Young diners bolster eating out sector

22 July 2013 by
Young diners bolster eating out sector

Young diners are bolstering the restaurant sector in the UK, after the frequency with which older diners eat out fell slightly.

That's according to the new consumer QuickBite survey from Horizons, which showed that 75% of 18-24-year-olds and 76% of 25-34-years-olds having eaten out in the past two weeks. That was compared to a lower proportion of all adults, 67% of whom have eaten out in the past two weeks.

The survey, of 2,000 consumers, conducted on behalf of Horizons by YouGov in June 2013, also showed that average spend per meal for those who had eaten out across all age groups had increased year-on-year to £13.30 from £12.30, including drinks.

The 35-44 year olds, also in the "squeezed middle", have cut back on the number of times they eat out with 68% of respondents in this age group having
eaten out in the previous two weeks, down from 70% in 2012.

"Diners continue to spend more when they do eat out but the squeezed middle - 35 to 54 year olds - are most likely to be watching their spending and are eating out less frequently than they did although they spend the most when they do dine out," commented Horizons' director of services Nicola Knight.

The most frequent users of eating out establishments are younger diners (18-24 and 25-34 year olds). On average, people in this age group have eaten out 2.06 and 2.32 times in the past (respectively) two weeks, compared with a survey average of 1.77 times.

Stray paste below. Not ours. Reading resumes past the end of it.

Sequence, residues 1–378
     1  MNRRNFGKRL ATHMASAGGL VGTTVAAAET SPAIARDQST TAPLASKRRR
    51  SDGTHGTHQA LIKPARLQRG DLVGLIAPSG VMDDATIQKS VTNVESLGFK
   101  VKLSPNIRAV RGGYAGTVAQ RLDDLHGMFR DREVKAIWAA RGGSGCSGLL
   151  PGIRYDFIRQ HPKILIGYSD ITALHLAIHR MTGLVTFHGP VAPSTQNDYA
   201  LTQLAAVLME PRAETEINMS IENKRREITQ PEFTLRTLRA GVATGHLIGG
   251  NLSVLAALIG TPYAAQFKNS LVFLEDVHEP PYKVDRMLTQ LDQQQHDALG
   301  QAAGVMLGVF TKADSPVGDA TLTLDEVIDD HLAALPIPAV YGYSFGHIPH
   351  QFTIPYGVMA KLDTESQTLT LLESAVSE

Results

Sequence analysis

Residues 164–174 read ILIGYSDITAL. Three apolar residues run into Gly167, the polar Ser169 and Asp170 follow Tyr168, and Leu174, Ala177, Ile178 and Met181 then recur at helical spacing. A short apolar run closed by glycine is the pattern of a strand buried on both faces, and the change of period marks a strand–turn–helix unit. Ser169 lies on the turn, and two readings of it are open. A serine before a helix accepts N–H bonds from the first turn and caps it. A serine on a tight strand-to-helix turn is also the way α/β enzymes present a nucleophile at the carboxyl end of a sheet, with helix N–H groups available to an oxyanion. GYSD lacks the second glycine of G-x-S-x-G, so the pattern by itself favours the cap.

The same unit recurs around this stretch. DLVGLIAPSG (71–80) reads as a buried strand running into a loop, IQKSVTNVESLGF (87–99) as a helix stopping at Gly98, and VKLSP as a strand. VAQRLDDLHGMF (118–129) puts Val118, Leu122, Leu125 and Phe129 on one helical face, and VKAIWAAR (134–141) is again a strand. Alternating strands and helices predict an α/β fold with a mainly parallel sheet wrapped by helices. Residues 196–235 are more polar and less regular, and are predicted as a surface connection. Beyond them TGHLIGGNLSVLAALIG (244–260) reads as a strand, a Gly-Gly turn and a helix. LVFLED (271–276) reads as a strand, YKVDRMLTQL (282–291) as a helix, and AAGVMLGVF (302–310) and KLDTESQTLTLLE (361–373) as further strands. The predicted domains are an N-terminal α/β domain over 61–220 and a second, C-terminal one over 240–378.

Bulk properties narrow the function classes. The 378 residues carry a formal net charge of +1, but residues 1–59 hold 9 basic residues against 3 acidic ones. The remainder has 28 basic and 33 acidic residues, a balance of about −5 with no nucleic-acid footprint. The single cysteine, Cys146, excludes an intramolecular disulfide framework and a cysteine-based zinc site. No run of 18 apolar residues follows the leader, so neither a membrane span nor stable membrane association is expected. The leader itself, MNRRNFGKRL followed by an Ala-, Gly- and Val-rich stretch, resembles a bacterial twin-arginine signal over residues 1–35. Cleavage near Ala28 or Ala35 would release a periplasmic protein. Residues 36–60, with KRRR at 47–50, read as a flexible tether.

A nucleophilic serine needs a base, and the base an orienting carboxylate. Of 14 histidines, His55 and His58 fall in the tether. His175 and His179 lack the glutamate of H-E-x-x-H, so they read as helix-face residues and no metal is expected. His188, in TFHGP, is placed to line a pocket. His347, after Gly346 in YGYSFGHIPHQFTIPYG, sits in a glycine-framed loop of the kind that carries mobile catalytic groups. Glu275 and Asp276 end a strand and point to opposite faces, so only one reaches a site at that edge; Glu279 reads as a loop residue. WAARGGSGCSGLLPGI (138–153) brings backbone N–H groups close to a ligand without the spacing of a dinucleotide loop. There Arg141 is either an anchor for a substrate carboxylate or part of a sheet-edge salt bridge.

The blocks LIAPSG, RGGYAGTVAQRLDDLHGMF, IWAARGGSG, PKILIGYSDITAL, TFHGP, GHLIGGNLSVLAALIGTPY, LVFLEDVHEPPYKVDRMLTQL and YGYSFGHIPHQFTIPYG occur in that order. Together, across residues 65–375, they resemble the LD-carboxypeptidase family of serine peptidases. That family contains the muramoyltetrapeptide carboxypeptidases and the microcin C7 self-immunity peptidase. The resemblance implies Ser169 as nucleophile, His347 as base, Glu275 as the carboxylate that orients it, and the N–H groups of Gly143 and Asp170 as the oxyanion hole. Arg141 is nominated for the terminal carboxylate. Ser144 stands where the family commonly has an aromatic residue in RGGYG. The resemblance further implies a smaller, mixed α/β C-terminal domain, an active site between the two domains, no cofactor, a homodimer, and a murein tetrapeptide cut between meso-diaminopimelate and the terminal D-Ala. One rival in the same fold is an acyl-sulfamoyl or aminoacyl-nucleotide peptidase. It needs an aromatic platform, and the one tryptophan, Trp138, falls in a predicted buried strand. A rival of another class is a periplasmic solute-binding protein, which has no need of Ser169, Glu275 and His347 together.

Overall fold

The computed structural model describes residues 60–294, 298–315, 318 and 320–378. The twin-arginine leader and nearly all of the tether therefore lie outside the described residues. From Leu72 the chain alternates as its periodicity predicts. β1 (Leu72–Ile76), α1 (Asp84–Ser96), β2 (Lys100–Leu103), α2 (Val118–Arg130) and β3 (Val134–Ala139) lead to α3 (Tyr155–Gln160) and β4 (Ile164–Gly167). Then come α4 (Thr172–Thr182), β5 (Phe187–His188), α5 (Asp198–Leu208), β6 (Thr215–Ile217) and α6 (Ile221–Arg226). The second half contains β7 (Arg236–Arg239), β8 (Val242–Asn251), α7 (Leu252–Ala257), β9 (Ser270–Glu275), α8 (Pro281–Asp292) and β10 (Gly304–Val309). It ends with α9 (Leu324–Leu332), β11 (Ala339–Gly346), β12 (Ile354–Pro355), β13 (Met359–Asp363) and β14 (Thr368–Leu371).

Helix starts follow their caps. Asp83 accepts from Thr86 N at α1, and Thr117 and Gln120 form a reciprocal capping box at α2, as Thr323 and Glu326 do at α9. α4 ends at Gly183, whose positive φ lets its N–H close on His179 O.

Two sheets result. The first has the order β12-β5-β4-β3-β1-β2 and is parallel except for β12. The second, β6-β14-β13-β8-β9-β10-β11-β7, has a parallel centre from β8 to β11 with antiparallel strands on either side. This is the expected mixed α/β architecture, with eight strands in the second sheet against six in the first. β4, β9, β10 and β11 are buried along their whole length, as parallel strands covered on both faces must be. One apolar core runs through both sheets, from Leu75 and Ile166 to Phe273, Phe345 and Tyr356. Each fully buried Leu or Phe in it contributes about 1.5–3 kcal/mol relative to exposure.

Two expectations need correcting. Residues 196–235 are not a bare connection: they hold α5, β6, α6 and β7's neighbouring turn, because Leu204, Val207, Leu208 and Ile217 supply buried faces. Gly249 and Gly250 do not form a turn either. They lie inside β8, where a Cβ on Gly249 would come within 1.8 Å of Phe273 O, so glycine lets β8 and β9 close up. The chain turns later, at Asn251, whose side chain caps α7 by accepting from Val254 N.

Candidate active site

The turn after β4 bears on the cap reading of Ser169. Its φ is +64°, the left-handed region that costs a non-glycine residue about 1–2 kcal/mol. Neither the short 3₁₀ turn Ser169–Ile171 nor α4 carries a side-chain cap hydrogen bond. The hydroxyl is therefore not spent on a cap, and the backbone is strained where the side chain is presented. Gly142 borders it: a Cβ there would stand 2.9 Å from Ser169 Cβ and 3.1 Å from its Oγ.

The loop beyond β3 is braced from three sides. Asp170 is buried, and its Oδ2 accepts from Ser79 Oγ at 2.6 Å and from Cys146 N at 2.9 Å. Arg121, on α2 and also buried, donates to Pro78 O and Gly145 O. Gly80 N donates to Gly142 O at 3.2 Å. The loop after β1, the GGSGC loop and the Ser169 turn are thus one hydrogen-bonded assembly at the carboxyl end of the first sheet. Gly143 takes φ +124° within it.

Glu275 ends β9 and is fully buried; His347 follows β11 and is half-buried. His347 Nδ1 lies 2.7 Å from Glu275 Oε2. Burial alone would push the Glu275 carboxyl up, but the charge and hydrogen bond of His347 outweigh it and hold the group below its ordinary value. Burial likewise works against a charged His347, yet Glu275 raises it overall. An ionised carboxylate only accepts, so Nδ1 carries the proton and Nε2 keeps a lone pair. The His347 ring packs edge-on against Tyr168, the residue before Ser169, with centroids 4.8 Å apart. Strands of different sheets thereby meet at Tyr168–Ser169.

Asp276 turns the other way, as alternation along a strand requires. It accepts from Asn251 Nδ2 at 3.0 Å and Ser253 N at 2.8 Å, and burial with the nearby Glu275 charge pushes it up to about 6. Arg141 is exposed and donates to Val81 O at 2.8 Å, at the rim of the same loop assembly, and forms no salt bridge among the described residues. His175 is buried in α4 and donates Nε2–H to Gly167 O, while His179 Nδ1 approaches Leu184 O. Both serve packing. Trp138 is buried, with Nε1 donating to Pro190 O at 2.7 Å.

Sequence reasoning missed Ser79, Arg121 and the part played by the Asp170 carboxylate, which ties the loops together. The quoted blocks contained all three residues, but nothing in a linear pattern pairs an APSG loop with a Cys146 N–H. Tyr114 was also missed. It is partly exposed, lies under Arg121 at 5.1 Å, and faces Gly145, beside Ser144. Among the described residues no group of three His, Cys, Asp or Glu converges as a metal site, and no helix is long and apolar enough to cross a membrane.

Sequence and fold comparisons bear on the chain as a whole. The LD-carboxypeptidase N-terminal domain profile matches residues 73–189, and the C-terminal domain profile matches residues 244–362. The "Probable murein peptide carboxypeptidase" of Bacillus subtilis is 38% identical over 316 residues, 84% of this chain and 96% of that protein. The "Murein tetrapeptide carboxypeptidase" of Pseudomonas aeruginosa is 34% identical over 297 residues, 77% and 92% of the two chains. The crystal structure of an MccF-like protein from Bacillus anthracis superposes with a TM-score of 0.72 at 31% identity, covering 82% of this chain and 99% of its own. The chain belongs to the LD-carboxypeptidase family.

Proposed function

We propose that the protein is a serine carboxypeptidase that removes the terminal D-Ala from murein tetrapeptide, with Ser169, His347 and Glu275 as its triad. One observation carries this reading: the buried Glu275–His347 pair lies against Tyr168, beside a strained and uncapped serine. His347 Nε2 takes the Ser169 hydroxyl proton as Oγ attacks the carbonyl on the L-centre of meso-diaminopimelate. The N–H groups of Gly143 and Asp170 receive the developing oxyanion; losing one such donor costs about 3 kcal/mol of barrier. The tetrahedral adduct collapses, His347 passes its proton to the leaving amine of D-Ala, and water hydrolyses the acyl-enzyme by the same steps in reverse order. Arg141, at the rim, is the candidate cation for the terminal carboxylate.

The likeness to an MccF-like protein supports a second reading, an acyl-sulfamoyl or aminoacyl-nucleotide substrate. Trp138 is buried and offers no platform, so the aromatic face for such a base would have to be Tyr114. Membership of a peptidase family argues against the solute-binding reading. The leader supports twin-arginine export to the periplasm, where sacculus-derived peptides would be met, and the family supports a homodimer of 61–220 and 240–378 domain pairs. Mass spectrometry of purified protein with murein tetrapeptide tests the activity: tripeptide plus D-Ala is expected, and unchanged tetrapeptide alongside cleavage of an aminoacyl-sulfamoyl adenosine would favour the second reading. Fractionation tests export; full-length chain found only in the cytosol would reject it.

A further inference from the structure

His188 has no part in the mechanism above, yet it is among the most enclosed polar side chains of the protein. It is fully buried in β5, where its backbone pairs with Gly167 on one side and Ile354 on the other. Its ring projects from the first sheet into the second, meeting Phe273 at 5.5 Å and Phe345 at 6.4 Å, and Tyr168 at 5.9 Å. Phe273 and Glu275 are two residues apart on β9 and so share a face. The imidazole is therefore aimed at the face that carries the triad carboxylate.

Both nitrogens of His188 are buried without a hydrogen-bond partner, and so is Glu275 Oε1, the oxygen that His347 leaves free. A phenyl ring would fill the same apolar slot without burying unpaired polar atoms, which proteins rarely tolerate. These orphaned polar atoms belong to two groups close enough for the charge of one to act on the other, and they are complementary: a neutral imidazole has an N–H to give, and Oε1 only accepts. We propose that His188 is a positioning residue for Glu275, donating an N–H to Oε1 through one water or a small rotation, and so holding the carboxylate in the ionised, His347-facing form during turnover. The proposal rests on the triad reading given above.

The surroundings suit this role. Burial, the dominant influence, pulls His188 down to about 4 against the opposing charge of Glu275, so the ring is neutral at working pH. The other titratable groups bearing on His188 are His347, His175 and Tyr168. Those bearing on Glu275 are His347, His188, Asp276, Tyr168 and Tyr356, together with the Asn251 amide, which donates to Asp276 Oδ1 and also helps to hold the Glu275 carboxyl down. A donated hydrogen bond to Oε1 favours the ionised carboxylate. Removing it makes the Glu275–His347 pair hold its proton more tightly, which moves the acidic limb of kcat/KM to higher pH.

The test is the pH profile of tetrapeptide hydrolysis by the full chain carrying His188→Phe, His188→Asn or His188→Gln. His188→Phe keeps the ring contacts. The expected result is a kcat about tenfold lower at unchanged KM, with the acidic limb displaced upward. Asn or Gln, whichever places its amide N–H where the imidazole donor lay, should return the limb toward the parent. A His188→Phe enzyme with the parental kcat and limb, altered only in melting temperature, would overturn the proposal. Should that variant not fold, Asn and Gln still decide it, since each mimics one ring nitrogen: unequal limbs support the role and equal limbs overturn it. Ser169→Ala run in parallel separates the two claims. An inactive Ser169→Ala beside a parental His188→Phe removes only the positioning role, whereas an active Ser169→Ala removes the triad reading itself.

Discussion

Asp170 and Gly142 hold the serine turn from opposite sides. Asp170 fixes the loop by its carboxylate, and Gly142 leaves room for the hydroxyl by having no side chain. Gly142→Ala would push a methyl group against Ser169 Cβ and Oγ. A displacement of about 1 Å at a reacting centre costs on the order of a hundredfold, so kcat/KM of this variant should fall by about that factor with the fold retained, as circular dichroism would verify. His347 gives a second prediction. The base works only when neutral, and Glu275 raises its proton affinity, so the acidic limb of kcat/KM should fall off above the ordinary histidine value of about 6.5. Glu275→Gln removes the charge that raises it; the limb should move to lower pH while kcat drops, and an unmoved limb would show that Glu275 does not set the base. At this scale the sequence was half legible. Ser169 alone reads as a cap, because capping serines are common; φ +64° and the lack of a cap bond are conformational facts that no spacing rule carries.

While 46% of people ate out in restaurants (including pub restaurants) for their most recent meal out, the proportion eating out in quick service restaurants has risen 3% year-on-year to 35% of the total (32% in 2012).

Snacking (meals eaten outside the main meal times, which Horizons identify as often comprising of low value "grab and go" products that appeal to younger consumers) has also increased. Some 10% of respondents had eaten a snack out of home in the past two weeks, compared with 7% during this time last year.

"What we are seeing is that people are still eating out and spend per meal is up, but consumer confidence may have not yet returned to any significant degree, particularly amongst middle-aged respondents. Outlets still need to work hard to attract diners and be mindful of catering for the demands of their target audience. The 18-24 year olds are the higher spending diners of the future, so it is good they have an established eating out habit which is likely to continue as they get older," added Knight.

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